In 1961, the TI version was upgraded to 74 PS (54 kW). With this new engine the car could reach a speed of almost 160 km/h (99 mph). Production of the standard Berlina continued until 1963, whilst the TI continued for one year more. Production figures were:[7]

  • Berlina 39,057
  • TI 92,728
  • Sprint 24,084
  • Sprint Veloce 3,058
  • Spider 14,300
  • Spider Veloce 2,796
  • Promiscua (Wagon ) [8] 91

Giulietta engines[edit]

The Giulietta used an Alfa Romeo Twin Cam engine of 1290 cc straight-4, with a light alloy cylinder block and an alloy cylinder head with twin overhead camshafts. The original Giulietta engine produced a power output of 62 hp (46 kW) in the sedan and 80 hp (60 kW) in the Giulietta Sprint.[9] This was to be increased to 100 hp (75 kW)[10] in later sporting models such as the Giulietta Sprint Speciale and the Giulietta Sprint Zagato. The engine has a 74.0 mm (2.91 in) bore and a 75.0 mm (2.95 in) stroke.

1962 Giulietta Twin Cam engine
Model Displacement Power Top speed
Berlina 1,290 cc 62 hp (46 kW) at 6,000 rpm 88 mph (142 km/h)[7]
Giulietta T.I. 1,290 cc 74 hp (55 kW) at 6,200 rpm 97 mph (156 km/h)[7]
Sprint 1,290 cc 80 hp (60 kW) at 6,300 rpm 88 mph (142 km/h)[11]
Sprint Veloce 1,290 cc 90 hp (67 kW) at 6,500 rpm 112 mph (180 km/h)[12]
Sprint Speciale 1,290 cc 100 hp (75 kW) at 6,500 rpm 120 mph (190 km/h)[10]
Sprint Zagato 1,290 cc 100 hp (75 kW) at 6,500 rpm 120 mph (190 km/h)[10]

Giulietta models[edit]

See also[edit]


  1. ^ "The Alfa Romeo Giulietta Sprint.". Archived from the original on 2010-01-27. Retrieved 2008-09-27. 
  2. ^ "Alfa Romeo Giulietta Spider". Archived from the original on 2011-05-21. Retrieved 2008-09-27.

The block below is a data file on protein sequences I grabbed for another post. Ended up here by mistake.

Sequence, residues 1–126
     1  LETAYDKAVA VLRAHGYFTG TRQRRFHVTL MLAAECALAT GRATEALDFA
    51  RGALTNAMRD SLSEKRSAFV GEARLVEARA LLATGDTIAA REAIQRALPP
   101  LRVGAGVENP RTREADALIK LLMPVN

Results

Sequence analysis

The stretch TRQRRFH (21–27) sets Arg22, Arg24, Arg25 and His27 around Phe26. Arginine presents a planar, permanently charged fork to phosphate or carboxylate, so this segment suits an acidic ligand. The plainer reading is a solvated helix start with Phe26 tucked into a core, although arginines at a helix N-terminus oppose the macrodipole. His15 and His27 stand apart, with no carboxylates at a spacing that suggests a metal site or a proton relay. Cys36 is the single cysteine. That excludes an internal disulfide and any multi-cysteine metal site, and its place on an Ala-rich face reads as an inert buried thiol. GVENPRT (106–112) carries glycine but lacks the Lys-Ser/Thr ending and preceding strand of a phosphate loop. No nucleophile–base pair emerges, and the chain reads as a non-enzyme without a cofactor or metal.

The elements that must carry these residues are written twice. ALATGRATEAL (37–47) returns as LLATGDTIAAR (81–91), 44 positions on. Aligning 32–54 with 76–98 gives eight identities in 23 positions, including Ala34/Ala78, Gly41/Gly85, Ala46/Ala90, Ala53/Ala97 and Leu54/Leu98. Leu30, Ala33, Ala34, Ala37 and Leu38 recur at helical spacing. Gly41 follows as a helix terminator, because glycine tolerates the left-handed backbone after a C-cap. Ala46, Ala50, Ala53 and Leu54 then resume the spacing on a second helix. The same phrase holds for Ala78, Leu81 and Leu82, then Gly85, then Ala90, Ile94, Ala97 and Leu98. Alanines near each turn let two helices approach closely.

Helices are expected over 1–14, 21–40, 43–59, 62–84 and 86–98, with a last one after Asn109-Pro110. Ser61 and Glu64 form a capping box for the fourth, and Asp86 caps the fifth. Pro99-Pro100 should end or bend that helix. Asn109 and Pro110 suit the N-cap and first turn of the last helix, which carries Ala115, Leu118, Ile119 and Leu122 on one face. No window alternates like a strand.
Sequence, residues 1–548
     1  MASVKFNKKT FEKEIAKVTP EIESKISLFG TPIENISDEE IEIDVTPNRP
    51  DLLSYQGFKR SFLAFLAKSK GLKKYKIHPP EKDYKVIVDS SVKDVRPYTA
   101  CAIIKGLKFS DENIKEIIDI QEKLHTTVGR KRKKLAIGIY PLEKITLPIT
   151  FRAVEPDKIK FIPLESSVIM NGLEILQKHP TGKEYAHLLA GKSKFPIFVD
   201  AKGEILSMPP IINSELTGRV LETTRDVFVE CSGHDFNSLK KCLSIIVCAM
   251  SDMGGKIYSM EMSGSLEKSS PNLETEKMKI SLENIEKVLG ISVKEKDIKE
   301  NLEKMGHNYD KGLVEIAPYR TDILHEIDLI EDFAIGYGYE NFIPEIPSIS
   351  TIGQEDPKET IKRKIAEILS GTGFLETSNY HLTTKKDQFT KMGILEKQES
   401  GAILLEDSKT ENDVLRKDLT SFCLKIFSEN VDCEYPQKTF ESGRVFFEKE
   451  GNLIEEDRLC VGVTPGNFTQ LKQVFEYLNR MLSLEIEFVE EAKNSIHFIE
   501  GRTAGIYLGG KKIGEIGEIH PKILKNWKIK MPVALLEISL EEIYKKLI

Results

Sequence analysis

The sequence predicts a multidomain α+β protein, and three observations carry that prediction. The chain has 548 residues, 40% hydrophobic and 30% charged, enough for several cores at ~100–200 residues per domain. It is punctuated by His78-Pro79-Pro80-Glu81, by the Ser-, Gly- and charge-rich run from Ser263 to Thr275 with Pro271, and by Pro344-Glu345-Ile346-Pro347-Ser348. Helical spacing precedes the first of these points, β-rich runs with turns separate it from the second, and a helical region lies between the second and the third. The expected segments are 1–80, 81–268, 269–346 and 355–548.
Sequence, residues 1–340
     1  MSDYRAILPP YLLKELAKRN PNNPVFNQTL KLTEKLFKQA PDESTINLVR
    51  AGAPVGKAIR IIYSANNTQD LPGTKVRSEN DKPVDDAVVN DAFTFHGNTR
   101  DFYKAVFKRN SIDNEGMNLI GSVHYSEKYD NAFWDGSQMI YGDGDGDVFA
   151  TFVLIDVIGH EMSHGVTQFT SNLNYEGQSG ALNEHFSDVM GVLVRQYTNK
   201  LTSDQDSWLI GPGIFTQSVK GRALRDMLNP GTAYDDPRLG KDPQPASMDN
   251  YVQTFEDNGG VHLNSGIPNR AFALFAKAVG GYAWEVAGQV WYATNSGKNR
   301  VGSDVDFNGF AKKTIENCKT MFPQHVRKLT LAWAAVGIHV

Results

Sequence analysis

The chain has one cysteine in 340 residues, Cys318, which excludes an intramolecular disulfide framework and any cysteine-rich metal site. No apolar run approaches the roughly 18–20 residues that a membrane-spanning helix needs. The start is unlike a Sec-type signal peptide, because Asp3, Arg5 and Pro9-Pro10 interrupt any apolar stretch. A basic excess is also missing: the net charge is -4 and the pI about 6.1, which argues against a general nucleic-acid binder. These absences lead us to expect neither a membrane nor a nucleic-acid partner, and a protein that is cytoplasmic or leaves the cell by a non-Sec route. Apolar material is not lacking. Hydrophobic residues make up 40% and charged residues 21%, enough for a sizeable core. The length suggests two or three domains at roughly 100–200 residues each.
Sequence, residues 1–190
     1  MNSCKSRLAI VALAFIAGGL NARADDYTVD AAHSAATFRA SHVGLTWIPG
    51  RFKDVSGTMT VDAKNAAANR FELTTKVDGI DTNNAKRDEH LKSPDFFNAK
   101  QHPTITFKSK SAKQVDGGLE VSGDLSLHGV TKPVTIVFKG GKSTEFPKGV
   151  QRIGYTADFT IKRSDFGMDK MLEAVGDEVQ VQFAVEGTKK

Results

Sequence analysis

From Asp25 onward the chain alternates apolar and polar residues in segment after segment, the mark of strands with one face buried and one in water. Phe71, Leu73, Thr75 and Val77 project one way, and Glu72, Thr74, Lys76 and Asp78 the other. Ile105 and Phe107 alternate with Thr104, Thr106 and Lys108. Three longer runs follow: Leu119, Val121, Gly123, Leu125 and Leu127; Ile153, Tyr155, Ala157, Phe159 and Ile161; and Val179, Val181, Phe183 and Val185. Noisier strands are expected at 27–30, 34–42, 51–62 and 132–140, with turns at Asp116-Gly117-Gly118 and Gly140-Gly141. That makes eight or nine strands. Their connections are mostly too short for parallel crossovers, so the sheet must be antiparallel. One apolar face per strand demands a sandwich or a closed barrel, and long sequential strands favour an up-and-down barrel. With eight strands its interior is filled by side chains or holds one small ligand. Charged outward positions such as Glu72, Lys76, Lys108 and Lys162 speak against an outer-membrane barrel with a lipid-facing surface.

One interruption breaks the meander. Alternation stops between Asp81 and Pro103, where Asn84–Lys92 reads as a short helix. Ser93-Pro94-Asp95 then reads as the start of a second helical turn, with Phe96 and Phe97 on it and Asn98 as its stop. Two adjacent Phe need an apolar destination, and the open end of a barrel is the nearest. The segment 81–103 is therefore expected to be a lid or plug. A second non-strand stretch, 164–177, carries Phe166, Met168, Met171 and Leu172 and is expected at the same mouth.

3. ^ "A little About the Alfa Romeo Giulietta Sedan". Retrieved 2008-09-27. 
  4. ^ Chris Koopmann. "Ercole Spada". Retrieved 2012-05-24. 
  5. ^ "Alfa Romeo Giulia Promiscua". Retrieved 2007-06-23. 
  6. ^ "ALFA ROMEO GIULIETTA WEEKENDINA CARROZZERIA BONESCHI". Archived from the original on 13 June 2007. Retrieved 2007-06-23. (Italian)
  7. ^ a b c "Models/Alfa Romeo Giulietta". Archived from the original on 20 May 2007. Retrieved 2007-06-23. 
  8. ^ "Shooting Brake About Sport Wagons and Estates". Archived from the original on 4 May 2008. Retrieved 2008-06-01. 
  9. ^ David Owen, Great Marques Alfa Romeo, P46
  10. ^ a b c Joe Benson, "Alfa Romeo Buyers Guide", 2nd Ed.,1992, ISBN 0-87938-633-9, pp55&60
  11. ^ "1954 Alfa Romeo 1900 Berlina Super". Retrieved 2007-10-26. 
  12. ^ "giulietta". carfolio. Retrieved 2007-10-27. 

Further reading[edit]

  • Angelo Tito Anselmi. Alfa Romeo Giulietta: 1954-2004 Golden Anniversary: the full history of the Giulietta model range. ISBN 88-7911-340-2.
  • Holmes, Mark (2007). Ultimate Convertibles: Roofless Beauty. London: Kandour. pp. 8–9. ISBN 9781905741625. 


  • David Owen, Great Marques Alfa Romeo, Octopus Books, ISBN 0-7064-2219-8
  • Bruno Alfieri (ed.), Alfa Romeo Giulietta Sprint 1954 - 2004, Automobilia, ISBN 88-7960-171-7
  • Donald Hughes and Vito Witting da Prato, Alfa Romeo Veloce: The Racing Giuliettas, 1956-63 (SV-SVZ-SS-SZ), G T Foulis & Co Ltd, ISBN 0-85429-731-6

External links[edit]